WoundVision Webinar with Dr. Joyce Black: Deep Tissue Pressure Injuries & HAPIs – Best Practices for Improved Recognition, Documentation & Mitigation

If you missed it, check out the recording of our webinar with Dr. Joyce Black that presents learners with a deeper understanding of the etiology and pathophysiology of Deep Tissue Pressure Injuries (DTPIs) and Pressure Injuries (PIs) as well as risk stratification and prevention techniques. In addition, we will bridge the gap to the impact of hospital-acquired pressure injuries (HAPIs), the importance of present on admission (POA) documentation, and relevant regulations.

We will also discuss how providers can leverage the WoundVision Scout, a wound imaging technology that allows providers to move beyond the naked eye to improve documentation of the non-visible signs/symptoms of DTPI and aid in mitigation of HAPIs and Pressure Injury litigation.

This webinar may be of interest to nurses of all specialties, nurse managers, physicians, risk management, quality officers, materials managers, administrators, or any other stakeholders with interest in pressure injuries, hospital acquired conditions, or wound care.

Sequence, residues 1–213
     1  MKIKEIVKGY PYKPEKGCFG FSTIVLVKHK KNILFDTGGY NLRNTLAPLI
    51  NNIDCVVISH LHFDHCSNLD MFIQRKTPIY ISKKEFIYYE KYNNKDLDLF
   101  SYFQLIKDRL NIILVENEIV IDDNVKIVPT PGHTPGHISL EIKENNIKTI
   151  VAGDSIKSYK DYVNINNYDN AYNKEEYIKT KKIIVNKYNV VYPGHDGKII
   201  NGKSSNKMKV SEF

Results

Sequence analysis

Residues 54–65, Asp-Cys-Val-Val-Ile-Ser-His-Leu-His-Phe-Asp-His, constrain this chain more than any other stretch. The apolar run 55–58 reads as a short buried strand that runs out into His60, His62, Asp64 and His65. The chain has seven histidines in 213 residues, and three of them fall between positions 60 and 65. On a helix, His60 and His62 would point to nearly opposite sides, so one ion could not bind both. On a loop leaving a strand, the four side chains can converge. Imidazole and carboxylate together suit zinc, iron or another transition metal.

Attendees will have an opportunity to learn the following:

1. Etiology/Pathophysiology of DTPI and why they can evolve into full-thickness Stage 3/Stage 4 PIs.

2. Identify risk factors for DTPI and PI development.

3. Methods for prevention of DTPIs and PIs.

4. The importance of POA documentation is it relates to Hospital-acquired Conditions (HACs).

5. How you can harness a new technology to aid in the shortcomings of visual skin assessment.

6. The clinical & financial impact of implementing this technology into your POA skin assessment.

To learn more about how the WoundVision Scout can help you do everything from mitigating HAPIs and pressure injury litigation to photographing and measuring wounds please visit woundvision.com/demo

YouTube Link to Video: https://youtu.be/zDw9buUjICQ

Vimeo Link to Video: https://vimeo.com/274966290

Tags: No tags

Comments are closed.